VM3+

VM3+

VO..

p (EF)p

n-type film

solution

b p

EF m/f

f/s

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fP/fn

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Fig. 5. The schemes of the formation process of the double-layer passive film on mc-Al.

n

Fig. 6. The formation of barrier potential in p–n junction.

B. Zhang et al. / Corrosion Science 52 (2010) 2612–2615

of the built-in potential is weakened and the diffusion effects of the carriers become more pronounced. Electrons diffuse from the n-region to the p-region; at the same time, holes diffuse from the p-region to the n-region, yielding a considerable positive current. The current through the junction is equal to the sum of the diffusion current of the non-balanced minor carriers (electrons and holes). So, the positive current may be larger than the current produced by the application of the same potential on a pure n-type or pure p-type semiconductor film. In another words, the conductivity of the positive p–n junction may be higher than that of a pure n-type or pure p-type semiconductor film. It is known that,

U ¼ Uf þ UH where U is the positive voltage applied to the electrode, Uf is the potential drop in the film and UH is the potential drop in the Helmholtz layer. When a positive potential is applied to the electrode, Uf of the electrode with the double-layer film is smaller compared with that of the single-layer film. Thus, the potential drop in the Helmholtz layer UH (which drives the anodic reaction) is relatively larger, resulting in a high anodic current density. This could be the reason why the measured current density (curve c) is largest contrary to our anticipation. This provides vital insight into the relationship between the stability and the semiconducting property of passive films; it seems that for pure Al, the p-type semiconductor film is most stable and the semiconductor film with a positive p– n junction structure is the least stable. Certainly, the relationship between film stability and semiconductor type is obtained qualitatively from mc-Al, which is as yet not universally acknowledged and needs further confirmation through investigation of other passive metals or alloys.

4. Summary Chloride ions change the passive film on mc-Al from an n-type semiconductor to a p-type one, thus resulting in enhanced stability. This could be responsible for the unusual observation that Cl addition lowers the anodic current density. The unusual observation and the corresponding alteration of semiconducting property of passive film give such a clue on film stability that a p-type semiconductor film is most stable, an n-type one is less stable and film with a positive p–n junction structure is least stable.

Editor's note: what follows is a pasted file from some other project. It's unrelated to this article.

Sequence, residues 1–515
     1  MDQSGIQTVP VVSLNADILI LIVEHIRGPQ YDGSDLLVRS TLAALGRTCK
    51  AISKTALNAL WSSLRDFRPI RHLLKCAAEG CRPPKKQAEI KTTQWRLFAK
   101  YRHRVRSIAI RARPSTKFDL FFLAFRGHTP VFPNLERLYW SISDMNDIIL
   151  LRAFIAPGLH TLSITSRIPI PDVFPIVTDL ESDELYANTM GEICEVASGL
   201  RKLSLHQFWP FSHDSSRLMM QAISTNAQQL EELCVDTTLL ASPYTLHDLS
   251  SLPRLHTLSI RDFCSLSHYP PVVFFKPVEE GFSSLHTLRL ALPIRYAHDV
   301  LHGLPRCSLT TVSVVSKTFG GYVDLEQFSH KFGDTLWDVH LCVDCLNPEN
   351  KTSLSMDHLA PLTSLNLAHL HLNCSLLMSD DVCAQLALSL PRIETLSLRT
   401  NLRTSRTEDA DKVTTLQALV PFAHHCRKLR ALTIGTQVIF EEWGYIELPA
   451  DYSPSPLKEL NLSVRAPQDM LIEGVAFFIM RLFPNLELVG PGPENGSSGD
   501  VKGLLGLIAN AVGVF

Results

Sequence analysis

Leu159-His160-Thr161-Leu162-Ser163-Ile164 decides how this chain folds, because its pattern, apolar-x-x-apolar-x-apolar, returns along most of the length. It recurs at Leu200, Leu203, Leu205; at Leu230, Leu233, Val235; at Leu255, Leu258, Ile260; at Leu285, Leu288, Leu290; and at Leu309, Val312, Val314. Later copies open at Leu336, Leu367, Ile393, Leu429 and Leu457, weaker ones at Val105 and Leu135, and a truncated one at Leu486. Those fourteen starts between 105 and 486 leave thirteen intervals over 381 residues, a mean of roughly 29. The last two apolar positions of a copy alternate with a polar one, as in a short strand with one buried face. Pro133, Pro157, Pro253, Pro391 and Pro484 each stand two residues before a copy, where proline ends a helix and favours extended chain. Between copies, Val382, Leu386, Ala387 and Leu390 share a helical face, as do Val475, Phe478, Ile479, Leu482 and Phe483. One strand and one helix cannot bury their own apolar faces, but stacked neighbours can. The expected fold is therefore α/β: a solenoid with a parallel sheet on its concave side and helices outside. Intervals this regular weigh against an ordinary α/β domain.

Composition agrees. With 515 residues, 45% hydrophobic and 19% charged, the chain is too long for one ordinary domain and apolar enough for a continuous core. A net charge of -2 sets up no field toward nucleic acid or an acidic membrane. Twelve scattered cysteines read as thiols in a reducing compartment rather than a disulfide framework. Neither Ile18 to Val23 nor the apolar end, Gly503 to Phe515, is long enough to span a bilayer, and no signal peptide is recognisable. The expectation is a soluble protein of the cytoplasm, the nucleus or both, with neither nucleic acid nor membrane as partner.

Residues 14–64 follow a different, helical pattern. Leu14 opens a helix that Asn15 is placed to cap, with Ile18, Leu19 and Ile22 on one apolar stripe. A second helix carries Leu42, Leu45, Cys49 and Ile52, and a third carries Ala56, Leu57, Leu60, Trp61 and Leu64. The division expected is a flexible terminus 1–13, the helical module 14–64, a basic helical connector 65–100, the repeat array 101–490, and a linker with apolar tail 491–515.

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Acknowledgements The project was supported by the National Natural Science Fund of China under the contract Nos. 50001013 and 50671113. The authors are also grateful to Prof. Wu Weitao, Dr. D.G. Lees and Prof. Emeka for useful suggestions and modification of English. References [1] E. McCafferty, Sequence of steps in the pitting of aluminum by chloride, Corros. Sci. 45 (2003) 1421–1438. [2] S. Ahn, H. Kwon, D.D. Macdonald, Role of chloride ion in passivity breakdown on iron and nickel, J. Electrochem. Soc. 152 (2005) B482–B490. [3] S.Y. Yu, W.E. O’Grady, D.E. Ramaker, P.M. Natishan, Chloride ingress into aluminum prior to pitting corrosion, J. Electrochem. Soc. 147 (2000) 2952– 2958. [4] Guangling Song, Chun-Nan Cao, Sheng-Hao Chen, A study on transition of iron from active into passive state, Corros. Sci. 47 (2005) 323–339. [5] B. zhang, Y. Li, F.H. Wang, Electrochemical corrosion behaviour of microcrystalline aluminium in acidic solutions, Corros. Sci. 49 (2007) 2071– 2082. [6] L.D. Atanasoska, D.M. Drazic, A.R. Despic, A. Zalar, Chloride-ion penetration into oxide-films on aluminum Auger and XPS studies, J. Electroanal. Chem. 182 (1985) 179–186. [7] B. Zhang, Y. Li, F.H. Wang, Electrochemical behaviour of microcrystalline aluminium in neutral fluoride containing solution, Corros. Sci. 51 (2009) 268– 275. [8] N. Sato, Toward a more fundamental understanding of corrosion processes, Corrosion 45 (1989) 354–368. [9] Z. Szklarska-Smialowska, Mechanism of pit nucleation by electrical breakdown of the passive film, Corros. Sci. 44 (2002) 1143–1149. [10] A.M.P. Simoes, M.G.S. Ferreira, B. Rondot, M. da Cunha Belo, Study of passive films formed on AISI 304 stainless steel by impedance measurements and photoelectrochemistry, J. Electrochem. Soc. 137 (1990) 82–87. [11] U. Stimming, Photoelectrochemical studies of passive films, Electrochim. Acta 31 (1986) 415–429. [12] P.C. Searson, R.M. Latanision, U. Stimming, Analysis of the photoelectrochemical response of the passive film on iron in neutral solutions, J. Electrochem. Soc. 135 (1988) 1358–1363. [13] A. Fattah-alhosseini, M.A. Golozar, A. Saatchi, K. Raeissi, Effect of solution concentration on semiconducting properties of passive films formed on austenitic stainless steels, Corros. Sci. 52 (2010) 205–209. [14] J. Amri, T. Souier, B. Malki, B. Baroux, Effect of the final annealing of cold rolled stainless steels sheets on the electronic properties and pit nucleation resistance of passive films, Corros. Sci. 50 (2008) 431–438. [15] S. Fujimoto, H. Tsuchiya, Semiconductor properties and protective role of passive films of iron base alloys, Corros. Sci. 49 (2007) 195–202. [16] A.M. Schmidt, D.S. Azambuja, E.M.A. Martini, Semiconductive properties of titanium anodic oxide films in Mcllvaine buffer solution, Corros. Sci. 48 (2006) 2901–2912. [17] F.J. Martin, G.T. Cheek, W.E.O. Grady, P.M. Natishan, Impedance studies of the passive film on aluminium, Corros. Sci. 47 (2005) 3187–3201. [18] S. Menezes, R. Haak, G. Hagen, M. Kendig, Photoelectrochemical characterization of corrosion inhibiting oxide-films on aluminum and its alloys, J. Electrochem. Soc. 136 (1989) 1884–1886.